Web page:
So what is a good man? This may be just my opinion but a good man has old-fashioned values, values that the men who built this great country possessed. Men with resolve, vision and a strong work ethic. Good men still exist today, despite the active marginalization, but they don’t thunder across the tundra in the numbers they once did. The ones that still exist possess the following qualities.

Honesty
Let’s face it, at the core of everything is honesty because the antithesis is dishonesty which is the root of all bad behavior. A good man is almost entirely defined by the trait of honesty. Without the reputation of being an honest man, one will not be trusted and his services and company will not be sought. Honesty is displayed through our words and our actions. If a promise is made verbally, the honest man considers it a binding contract that is iron clad. Consequently, failure to live up to the promise makes you a liar. Once you’ve earned that moniker, there is no turning back.

I was raised by two honest men, my father and my grandfather. Both showed me at an early age the value and virtue of honesty. My grandfather started me off at a young age with telling me,
“Nobody likes a liar”, and “In order to be a good liar you had better have a great memory.”
I watched my dad and grandfather in their professional and personal dealings and it became evident early on that they placed a lot of emphasis on a handshake, eye contact and keeping their word. A handshake was the measure of a man and dads spent great time and effort teaching their boys both the technique and the importance. Combined with a promise, the handshake solidified a verbal contract, one that was meant to be kept and honored.

Both my father and grandfather did side work to supplement their incomes and my grandfather once under-quoted a roofing job. He completed the job, on time, and stuck to his original quote even though he made almost no money. My father told me about it, as an example of what an honest man does.

Today the handshake means almost nothing. Eye contact has been replaced by staring at screens and the verbal contract thing? That is also a thing of the past. Entire professions are dedicated to finding ways to get out of written, signed and notarized documents. Is it any surprise that in our dealings with others we find ourselves at the least cautious and at the least fearful of being lied to? The good men among us still value the handshake and the word of an honest man.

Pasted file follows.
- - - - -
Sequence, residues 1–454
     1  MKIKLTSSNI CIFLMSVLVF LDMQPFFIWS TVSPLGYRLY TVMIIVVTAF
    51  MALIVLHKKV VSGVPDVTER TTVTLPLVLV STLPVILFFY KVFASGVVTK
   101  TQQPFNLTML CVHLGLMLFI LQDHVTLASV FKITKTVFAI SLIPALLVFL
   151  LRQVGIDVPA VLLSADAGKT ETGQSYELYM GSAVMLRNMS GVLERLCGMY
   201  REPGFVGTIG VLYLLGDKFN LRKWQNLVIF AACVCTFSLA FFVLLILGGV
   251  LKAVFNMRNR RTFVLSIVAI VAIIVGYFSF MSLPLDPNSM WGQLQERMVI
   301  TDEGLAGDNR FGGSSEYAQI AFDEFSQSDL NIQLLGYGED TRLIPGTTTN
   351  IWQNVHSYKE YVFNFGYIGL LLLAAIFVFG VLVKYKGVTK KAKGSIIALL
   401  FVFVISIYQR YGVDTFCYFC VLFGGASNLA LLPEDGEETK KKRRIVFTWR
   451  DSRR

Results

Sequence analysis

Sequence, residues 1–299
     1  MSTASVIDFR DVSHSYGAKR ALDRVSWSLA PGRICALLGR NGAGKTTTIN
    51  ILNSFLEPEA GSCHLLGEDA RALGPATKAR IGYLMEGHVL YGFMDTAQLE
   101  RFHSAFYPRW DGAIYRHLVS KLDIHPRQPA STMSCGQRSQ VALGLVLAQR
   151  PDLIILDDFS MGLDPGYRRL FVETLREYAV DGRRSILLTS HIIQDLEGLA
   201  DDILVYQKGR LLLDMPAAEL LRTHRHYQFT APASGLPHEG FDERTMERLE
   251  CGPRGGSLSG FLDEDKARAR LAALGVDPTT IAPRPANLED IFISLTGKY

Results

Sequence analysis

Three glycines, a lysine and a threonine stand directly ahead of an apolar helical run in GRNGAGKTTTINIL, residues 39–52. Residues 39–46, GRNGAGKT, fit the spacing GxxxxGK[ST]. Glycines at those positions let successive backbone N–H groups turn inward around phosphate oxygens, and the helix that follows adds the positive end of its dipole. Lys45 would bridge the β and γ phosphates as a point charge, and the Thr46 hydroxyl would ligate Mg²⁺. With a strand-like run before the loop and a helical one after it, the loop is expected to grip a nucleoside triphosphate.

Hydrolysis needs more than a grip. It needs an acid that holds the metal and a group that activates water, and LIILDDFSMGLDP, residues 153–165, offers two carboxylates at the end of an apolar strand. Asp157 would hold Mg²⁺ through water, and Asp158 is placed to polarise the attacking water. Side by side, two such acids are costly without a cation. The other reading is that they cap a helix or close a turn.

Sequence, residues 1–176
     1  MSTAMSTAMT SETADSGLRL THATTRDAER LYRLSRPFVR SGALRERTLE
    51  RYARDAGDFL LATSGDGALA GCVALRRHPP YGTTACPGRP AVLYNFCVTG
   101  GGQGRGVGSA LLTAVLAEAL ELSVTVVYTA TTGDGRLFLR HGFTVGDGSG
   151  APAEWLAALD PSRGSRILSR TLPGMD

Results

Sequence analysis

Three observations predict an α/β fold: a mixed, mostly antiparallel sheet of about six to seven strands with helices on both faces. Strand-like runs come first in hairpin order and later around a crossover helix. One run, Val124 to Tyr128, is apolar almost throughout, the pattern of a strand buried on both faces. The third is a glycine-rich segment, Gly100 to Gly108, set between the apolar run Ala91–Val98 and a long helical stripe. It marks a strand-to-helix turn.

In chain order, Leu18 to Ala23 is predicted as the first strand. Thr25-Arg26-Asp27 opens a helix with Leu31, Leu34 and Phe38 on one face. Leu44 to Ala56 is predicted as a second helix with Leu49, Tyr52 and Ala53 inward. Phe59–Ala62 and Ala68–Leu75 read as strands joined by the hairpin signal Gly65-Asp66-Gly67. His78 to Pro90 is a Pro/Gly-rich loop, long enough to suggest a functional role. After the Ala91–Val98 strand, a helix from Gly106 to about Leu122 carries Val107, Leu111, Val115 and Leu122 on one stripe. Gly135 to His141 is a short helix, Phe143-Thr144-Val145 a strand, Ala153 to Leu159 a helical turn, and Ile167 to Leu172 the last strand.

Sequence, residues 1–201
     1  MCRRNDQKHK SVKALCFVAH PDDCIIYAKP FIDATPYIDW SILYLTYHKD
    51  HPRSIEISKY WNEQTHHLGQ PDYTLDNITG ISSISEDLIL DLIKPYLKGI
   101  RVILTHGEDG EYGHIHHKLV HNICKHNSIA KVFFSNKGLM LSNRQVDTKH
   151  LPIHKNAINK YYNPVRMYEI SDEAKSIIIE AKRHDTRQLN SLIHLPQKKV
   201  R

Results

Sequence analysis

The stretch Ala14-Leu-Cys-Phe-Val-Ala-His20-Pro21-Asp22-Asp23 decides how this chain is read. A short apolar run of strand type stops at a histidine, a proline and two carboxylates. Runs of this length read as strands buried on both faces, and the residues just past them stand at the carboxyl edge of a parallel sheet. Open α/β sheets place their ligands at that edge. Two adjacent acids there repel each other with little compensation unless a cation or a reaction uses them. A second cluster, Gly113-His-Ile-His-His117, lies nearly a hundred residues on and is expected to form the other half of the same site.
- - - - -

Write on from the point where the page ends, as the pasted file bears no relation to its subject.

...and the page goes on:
Accountability
I have chosen Accountability as the second virtue due to its close affiliation with that of honesty. While honesty speaks of our dealings with others, accountability is about being honest with ourselves.

How many of us have taken a deep, hard look at events and realized that we made a mistake. How many of us have taken a hard look at our entire lives and realized that who we are and who we think we are to be two different entities? They’re both bitter pills to swallow regardless of age. From being in a leadership position, to analyzing a particular incident or realizing you’ve been living a lie for decades, to reach the point where blame can be put on yourself is extremely difficult. It is also cathartic and the beginning of the road to self-improvement. If only we were all capable of it and spent more energy rectifying and improving the behavior than we do denying our involvement and shifting blame.

3 months ago I took a motorcycle safety course. I failed the skills test and I was furious at myself. My first reaction was to blame the instructors, the course itself, the bike I was riding. But I quickly realized that the course was about low-speed handling and I, despite having ridden a motorcycle before, never learned those maneuvers. It was my fault, no one else’s. My next step was to set up cones in my driveway and to spend hours learning them. I then took my road test and passed. I needed to be accountable and when I did, things worked out.

From learning from a single incident to re-evaluating ones entire life, you cannot be a good man without being accountable. Your light shines from within and, as Harry Truman famously said…”the buck stops here.”

to be continued…